This legislation is a much-needed and long overdue reform that will help strengthen our democracy and stop politicians from rigging our electoral system to benefit themselves.  
 
But so far, it hasn’t had a hearing – and there are troubling signs that legislative leaders who are reluctant to give up their gerrymandering ways will embrace a weak and essentially meaningless bill and pass it off as progress.  Unless legislation takes maps out of the hands of self-interested politicians and gives it to a bi-partisan committee that will be accountable to us, We the People, extreme gerrymandering will continue to erode our democracy.
 
Hoosiers deserve real redistricting reform that ends this kind of partisan map-rigging for good. And with the next round of redistricting coming up in just two years, there’s no time to waste. 
 
The problem is clear and the solution is at hand: Indiana legislators should seize this opportunity to restore the public’s trust and strengthen our democracy by passing Senate Bill 159 without delay. 
 

Date

Wednesday, January 17, 2018 - 5:00pm

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On Sept. 24, Milo Smith took his daughter to an Indianapolis Colts’ game against the Cleveland Browns. Though the Colts won that day — a tragically rare occurrence this year — Smith left the game offended. During the national anthem, a group of players on both teams took a knee in reaction to President Trump’s comments two days earlier, where he called protesting players sons of bitches who should be fired by team ownership.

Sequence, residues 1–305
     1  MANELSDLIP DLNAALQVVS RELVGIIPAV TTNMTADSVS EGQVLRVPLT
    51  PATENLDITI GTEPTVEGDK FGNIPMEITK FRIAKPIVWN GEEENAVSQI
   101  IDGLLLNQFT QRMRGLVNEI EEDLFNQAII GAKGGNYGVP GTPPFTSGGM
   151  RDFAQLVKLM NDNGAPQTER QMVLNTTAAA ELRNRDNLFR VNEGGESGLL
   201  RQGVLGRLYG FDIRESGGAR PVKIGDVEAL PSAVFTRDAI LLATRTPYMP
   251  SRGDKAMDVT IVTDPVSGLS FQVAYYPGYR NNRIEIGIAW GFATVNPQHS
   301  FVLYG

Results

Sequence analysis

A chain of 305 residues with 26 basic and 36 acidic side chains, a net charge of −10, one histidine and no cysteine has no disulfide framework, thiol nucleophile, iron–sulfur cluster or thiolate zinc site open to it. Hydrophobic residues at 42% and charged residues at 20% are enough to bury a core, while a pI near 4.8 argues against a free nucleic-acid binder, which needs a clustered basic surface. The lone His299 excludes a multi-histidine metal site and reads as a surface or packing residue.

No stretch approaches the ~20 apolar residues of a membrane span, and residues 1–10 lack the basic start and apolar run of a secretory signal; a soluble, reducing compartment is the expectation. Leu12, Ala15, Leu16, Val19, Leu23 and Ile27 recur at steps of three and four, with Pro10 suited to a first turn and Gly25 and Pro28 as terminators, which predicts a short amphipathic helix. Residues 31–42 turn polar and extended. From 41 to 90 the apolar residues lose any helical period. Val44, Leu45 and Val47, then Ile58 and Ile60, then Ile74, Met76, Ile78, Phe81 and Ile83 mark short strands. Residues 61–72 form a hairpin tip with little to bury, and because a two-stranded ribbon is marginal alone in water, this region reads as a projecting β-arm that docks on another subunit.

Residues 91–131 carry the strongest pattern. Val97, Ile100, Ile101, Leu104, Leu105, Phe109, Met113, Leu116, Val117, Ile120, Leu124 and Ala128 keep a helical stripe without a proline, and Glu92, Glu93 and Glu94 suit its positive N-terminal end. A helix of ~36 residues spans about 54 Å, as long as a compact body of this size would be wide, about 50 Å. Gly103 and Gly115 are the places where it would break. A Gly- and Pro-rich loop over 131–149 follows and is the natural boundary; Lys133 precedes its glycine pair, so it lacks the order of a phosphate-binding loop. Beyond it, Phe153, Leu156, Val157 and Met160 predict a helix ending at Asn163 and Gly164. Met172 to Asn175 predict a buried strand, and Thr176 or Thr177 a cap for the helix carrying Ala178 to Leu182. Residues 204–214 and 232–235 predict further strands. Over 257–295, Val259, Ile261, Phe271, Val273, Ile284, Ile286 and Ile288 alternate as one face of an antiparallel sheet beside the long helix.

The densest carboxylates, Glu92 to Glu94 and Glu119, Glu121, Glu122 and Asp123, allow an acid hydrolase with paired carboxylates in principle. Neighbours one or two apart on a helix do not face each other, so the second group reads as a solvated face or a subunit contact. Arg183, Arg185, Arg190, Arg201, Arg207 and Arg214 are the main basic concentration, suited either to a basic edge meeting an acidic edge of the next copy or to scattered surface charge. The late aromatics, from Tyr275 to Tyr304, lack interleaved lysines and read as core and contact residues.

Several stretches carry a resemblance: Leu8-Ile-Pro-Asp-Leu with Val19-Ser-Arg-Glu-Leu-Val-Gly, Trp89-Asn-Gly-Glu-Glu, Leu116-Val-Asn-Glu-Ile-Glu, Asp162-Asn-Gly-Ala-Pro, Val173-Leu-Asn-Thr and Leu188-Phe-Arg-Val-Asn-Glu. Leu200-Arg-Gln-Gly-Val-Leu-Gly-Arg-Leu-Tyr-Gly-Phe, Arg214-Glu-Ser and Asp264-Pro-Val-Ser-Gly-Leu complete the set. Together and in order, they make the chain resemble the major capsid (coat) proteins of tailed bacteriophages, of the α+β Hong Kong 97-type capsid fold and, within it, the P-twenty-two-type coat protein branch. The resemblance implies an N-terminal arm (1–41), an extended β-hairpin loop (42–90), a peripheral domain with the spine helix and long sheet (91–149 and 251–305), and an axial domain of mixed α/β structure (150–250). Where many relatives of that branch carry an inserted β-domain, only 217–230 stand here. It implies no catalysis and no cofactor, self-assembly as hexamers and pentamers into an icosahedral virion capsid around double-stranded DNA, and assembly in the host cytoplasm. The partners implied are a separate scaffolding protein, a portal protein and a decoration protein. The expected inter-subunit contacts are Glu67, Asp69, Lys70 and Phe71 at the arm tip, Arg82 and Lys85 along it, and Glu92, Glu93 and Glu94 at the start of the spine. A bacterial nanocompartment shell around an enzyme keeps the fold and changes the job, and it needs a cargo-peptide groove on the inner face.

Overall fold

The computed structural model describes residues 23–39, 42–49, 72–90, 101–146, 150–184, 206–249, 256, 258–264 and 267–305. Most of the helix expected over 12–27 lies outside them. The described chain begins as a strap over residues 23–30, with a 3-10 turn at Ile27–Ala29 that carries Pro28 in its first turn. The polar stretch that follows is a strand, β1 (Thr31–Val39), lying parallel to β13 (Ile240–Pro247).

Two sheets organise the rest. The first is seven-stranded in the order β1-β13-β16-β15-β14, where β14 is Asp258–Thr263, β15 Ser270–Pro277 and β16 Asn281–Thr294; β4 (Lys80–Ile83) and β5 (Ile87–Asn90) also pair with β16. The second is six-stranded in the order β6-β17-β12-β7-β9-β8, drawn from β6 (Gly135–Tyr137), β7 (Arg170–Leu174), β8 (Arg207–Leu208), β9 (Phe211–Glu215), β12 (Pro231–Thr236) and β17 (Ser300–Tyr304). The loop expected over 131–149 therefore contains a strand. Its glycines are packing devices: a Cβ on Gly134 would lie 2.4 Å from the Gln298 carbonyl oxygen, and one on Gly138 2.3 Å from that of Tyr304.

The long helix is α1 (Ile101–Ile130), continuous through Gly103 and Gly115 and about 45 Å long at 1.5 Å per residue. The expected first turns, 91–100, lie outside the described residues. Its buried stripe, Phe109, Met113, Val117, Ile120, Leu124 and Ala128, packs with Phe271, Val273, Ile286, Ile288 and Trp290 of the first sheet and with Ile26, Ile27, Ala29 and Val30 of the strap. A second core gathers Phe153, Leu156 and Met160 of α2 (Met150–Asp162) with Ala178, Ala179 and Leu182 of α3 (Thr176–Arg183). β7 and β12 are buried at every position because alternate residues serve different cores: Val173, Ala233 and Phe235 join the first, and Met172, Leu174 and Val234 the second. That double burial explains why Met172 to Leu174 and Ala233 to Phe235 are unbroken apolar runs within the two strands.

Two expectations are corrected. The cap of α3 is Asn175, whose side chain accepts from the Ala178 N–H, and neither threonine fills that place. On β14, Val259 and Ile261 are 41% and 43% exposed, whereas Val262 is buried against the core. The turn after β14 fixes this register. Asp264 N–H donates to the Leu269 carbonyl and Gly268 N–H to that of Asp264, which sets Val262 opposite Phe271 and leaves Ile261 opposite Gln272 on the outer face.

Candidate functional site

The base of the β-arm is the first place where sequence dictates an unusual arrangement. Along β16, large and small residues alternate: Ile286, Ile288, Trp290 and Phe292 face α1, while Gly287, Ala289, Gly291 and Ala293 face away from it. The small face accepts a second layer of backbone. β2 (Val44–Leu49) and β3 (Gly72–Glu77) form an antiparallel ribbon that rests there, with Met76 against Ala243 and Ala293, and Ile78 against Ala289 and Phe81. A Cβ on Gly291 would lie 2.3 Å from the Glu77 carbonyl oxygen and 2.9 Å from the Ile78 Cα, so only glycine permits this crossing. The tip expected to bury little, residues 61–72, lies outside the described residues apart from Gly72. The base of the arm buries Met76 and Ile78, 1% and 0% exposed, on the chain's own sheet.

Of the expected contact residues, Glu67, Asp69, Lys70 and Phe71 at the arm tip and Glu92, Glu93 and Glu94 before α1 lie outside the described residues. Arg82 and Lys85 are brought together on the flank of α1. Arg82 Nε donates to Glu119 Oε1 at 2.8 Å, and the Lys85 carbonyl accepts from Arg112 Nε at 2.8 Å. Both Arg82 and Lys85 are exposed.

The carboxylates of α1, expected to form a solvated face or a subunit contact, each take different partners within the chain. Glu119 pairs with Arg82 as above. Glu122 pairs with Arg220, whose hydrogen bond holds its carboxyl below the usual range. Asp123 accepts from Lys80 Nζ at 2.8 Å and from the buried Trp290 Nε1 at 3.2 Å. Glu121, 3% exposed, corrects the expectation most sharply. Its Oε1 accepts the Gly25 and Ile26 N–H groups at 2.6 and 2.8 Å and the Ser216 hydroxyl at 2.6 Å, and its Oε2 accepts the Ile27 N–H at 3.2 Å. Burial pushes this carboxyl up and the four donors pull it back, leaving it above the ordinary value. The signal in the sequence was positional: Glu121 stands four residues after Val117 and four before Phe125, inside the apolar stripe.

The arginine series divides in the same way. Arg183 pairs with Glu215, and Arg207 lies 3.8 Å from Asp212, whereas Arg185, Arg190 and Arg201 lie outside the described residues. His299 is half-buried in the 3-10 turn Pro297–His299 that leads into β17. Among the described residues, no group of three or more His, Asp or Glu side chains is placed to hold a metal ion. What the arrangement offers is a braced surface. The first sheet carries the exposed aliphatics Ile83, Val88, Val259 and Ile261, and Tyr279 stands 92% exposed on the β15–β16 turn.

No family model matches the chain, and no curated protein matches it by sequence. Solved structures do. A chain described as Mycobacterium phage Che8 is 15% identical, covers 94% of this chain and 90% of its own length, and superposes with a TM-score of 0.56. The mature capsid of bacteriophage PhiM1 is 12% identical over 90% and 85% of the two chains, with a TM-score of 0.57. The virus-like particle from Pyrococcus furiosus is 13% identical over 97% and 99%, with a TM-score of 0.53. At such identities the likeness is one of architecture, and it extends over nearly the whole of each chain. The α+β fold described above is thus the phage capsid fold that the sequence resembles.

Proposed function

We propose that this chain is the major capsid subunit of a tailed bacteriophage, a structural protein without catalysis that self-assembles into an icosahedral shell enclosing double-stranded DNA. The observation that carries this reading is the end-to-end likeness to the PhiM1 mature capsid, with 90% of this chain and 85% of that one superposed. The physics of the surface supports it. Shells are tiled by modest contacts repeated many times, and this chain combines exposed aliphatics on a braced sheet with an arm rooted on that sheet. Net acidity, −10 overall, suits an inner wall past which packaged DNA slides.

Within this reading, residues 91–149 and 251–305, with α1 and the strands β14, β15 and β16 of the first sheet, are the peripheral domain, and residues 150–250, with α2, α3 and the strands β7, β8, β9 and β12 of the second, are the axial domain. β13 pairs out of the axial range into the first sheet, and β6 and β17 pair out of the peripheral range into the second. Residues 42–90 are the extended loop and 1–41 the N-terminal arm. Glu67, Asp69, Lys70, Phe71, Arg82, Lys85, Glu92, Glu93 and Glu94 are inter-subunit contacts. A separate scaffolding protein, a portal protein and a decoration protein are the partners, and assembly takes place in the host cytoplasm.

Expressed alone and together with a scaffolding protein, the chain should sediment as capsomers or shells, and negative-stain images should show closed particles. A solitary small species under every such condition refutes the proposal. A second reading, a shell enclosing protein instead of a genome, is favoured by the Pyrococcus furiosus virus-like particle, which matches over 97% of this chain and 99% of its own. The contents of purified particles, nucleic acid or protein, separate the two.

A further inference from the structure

"To me when they take a knee during the national anthem, it’s not respecting the national anthem or our country,” Smith told the Indianapolis Star newspaper. “Our government isn’t perfect, but it's still the best country in the world and I think we need to be respectful of it."
 
But Smith isn’t just an ordinary Colts' fan. He’s a state representative, and he couldn’t sit idly by while the Colts players knelt during the Star-Spangled Banner. Instead, he’s promised to introduce legislation that would force the team to refund the ticket price to any fan offended by a Colts player protesting during the national anthem.
 
If passed, however, that law would be an unconstitutional violation of the First Amendment.